Why increased focus? Development of tools to describe post-concussive dysfunction Collins MW., et al. Relationship between concussion and neuropsychological performance in college football players. JAMA.1999;282(10)
How You Can Help Minimize Risk Factors in Sports Concussions Teach safe techniques in practice and play Encourage recognition and reporting of concussion symptoms Be aware that injuries are more common in younger athletes Use available assessment tools Monitor developments at advanced levels of play and legislative efforts Head and spine injury prevention programs
Teach Safe Techniques Greater emphasis needs to be placed on teaching fundamentals and techniques, such as proper and safe blocking and tackling
Encourage Recognition and Reporting of Symptoms
Be extra vigilant with younger players, who are more likely to be injured
Use Available Tools
Encourage passage of Lystedt Laws Named in honor of 13 yo Zachery Lystedt, injured in October, 2006, when he returned to a football game after a concussion and was permanently injured
Coaches are required to sign a statement indicating that they have been educated as to the nature and risk of head injuries. If a coach suspects that a player has a head injury, (s)he is required to immediately remove that player from the practice or game: "When it doubt, sit them out." A player that has been removed from competition cannot return to play until (s)he has been evaluated by a licensed health care provider trained in the evaluation and management of concussion and has received written clearance to return to play from that health care provider. Finally, coaches are responsible for educating their athletes regarding the nature and risk of head injuries, and encouraging athletes to notify a coach if they notice signs of a head injury in themselves or their teammates. Parents/Guardians are required to review and sign an annual concussion and head injury information sheet prior to their children's participation in athletic events. Athletes are required to review and sign an annual concussion and head injury information sheet prior to their participation in athletic events. If they suspect a head injury in themselves or a teammate, they are encouraged to tell their coach Encourage passage of Lystedt Laws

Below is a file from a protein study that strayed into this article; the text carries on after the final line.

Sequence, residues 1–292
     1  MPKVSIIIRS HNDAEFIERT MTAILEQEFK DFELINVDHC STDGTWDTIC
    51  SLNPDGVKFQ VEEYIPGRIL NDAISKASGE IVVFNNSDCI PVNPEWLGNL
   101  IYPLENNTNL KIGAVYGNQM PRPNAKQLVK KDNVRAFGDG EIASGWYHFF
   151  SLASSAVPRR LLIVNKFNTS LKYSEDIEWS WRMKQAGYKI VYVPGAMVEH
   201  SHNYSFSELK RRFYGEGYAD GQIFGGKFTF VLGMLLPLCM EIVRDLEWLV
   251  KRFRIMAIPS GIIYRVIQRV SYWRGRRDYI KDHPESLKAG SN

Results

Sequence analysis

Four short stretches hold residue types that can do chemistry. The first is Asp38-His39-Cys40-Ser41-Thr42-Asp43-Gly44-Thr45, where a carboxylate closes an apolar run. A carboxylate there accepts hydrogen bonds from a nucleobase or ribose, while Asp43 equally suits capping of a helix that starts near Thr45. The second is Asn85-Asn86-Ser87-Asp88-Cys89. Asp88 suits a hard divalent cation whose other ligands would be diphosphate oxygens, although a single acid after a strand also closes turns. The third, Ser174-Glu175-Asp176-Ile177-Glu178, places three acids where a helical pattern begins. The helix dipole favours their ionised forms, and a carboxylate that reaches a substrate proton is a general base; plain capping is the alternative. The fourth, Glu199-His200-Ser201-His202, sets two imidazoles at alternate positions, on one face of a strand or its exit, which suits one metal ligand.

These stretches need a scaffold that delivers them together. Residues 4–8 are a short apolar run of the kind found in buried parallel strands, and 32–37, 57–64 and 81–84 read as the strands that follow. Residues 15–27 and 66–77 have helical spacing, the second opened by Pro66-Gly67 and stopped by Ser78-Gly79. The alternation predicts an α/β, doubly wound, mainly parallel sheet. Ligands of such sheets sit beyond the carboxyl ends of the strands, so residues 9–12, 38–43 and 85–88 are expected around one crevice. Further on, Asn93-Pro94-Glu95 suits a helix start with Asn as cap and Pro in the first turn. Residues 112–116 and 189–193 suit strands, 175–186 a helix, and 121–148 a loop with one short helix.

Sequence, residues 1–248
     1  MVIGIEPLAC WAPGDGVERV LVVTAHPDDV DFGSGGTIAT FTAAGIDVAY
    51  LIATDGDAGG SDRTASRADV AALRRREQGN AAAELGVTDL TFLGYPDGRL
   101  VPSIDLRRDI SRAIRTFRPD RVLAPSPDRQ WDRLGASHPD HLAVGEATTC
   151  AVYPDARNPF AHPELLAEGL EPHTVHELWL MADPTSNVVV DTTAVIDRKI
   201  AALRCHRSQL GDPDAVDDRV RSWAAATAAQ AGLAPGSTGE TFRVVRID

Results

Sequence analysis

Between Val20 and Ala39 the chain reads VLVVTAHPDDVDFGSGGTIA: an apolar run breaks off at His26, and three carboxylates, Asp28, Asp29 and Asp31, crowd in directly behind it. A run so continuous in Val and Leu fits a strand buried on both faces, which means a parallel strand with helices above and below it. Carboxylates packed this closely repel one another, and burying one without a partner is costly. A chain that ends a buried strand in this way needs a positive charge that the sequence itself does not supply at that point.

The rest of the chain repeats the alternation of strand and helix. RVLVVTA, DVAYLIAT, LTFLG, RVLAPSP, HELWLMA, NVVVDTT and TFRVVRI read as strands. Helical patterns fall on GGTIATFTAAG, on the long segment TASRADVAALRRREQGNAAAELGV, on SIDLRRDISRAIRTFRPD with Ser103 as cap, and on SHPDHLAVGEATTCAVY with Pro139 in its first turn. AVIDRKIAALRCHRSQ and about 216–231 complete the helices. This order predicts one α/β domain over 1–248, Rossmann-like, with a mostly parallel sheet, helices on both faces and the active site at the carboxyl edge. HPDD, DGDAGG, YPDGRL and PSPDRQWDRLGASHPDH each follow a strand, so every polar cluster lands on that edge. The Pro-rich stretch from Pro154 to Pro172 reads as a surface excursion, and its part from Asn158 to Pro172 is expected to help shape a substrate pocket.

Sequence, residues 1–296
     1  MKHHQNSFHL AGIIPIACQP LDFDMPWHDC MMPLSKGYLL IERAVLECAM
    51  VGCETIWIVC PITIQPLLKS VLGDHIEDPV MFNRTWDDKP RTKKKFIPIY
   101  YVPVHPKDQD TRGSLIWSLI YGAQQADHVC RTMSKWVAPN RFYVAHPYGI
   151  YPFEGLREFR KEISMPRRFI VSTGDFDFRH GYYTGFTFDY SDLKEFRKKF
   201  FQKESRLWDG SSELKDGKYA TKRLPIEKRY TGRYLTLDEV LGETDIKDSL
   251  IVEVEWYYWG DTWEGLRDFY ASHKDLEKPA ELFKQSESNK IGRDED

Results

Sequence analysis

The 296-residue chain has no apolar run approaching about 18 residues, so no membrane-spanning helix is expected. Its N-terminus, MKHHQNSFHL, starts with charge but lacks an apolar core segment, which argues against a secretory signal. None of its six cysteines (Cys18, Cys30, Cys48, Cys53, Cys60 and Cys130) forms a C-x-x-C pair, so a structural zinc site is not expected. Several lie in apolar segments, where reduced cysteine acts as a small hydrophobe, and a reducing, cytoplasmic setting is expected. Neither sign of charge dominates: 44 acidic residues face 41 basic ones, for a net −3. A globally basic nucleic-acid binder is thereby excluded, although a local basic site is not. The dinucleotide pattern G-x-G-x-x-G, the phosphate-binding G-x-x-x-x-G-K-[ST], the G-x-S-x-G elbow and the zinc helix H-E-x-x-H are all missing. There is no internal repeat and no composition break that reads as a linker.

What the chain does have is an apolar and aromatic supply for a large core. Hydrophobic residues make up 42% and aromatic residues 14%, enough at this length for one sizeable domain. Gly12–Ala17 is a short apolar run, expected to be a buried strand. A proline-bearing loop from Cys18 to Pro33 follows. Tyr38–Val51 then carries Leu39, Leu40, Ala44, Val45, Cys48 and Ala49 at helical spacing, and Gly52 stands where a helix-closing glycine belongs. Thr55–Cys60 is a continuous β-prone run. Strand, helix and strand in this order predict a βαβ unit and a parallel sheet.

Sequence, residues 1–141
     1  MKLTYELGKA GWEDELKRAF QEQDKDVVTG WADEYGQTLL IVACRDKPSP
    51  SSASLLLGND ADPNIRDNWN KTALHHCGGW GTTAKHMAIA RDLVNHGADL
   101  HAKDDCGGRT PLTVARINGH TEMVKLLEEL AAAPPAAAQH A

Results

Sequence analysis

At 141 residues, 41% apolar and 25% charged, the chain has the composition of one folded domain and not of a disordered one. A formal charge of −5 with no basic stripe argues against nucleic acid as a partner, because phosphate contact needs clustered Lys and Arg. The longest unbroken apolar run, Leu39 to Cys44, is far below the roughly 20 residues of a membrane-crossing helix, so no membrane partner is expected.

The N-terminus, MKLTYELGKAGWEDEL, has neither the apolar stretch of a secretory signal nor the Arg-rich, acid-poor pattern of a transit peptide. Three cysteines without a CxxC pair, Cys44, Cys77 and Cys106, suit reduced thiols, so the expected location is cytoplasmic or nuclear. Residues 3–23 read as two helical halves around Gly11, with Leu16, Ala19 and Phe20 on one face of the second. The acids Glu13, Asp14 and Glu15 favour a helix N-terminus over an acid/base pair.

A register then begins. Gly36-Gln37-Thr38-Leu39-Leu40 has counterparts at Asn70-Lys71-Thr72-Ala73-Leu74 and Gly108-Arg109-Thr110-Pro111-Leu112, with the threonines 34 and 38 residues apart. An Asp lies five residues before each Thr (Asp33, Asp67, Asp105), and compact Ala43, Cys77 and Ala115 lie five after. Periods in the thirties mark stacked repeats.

How are Concussions Treated? Physical rest: refrain from strenuous aerobic activities Cognitive rest: minimize activities that require concentration and attention Recommendations are based on best available science and consensus McCrory P, et all.Consensus statement on Concussion in Sport-the 3 rd International Conference on Concussion in Sport held in Zurich, November J Sci Med Sport 2009; 12:
All Traumatic Brain Injuries in Sports: 2010 Cycling: 85,389 Football: 46,948 Baseball/softball: 38,394 Basketball: 34,692 Water sports: 28,716 Powered recreational vehicles: 26,606 Soccer: 24,184 Skateboards/scooters: 23,114 Winter sports: 16,948 Horseback riding: 14,466 AANS 2011 study, using data from 2009 U.S. Consumer Product Safety Commission and National Electronic Injury Surveillance System Data
Use of a helmet while biking could prevent 1 injury every 4 minutes in the U.S.
Bicycle helmets are 85% effective in reducing traumatic brain injuries Only 40% of cyclists wear helmets Facts on Helmets
What Programs are Available to Prevent Youth Concussions? ThinkFirst National Injury Prevention Foundation 135 U.S. chapters offering evidence-based presentations Programs discuss the dynamics of brain and spinal cord injuries and the importance of making safe choices
Founded in 1986 by AANS/CNS Decrease neurological trauma by prevention, education and advocacy The premier neurotrauma prevention organization
Elementary School Education Program Brain and spine anatomy Vehicle safety Bicycle safety Playground safety Water safety Violence prevention
ThinkFirst For Teens Education Program Distracted driving Drinking and driving Violence prevention Appropriate helmet use during sports
Future Directions New game rules? New return to play directives? New equipment? Genetic and biomarkers?
All Concussions Are Serious Dont hide it Report it Take time to recover Its better to miss one game than the whole season
Conclusion Traumatic injuries affect more patients than all other neurological conditions COMBINED At present, the best treatment is PREVENTION Neurosurgeons are experts in treatment and prevention of concussion and traumatic brain injury.
Where can I go for further information? General Information: Bulk orders of information sheets:1-800-CDC-INFO or CDC- For Coaches: For Athletes: For Parents: For School Nurses:
Prepared for Americas young athletes, with thanks to the following groups: American Association of Neurological Surgeons (AANS) CNS Officers, ThinkFirst Officers, AANS/CNS Section on Neurotrauma and Critical Care Congress of Neurological Surgeons Council of State Neurosurgical Societies ThinkFirst Foundation Created by the AANS Public Relations Committee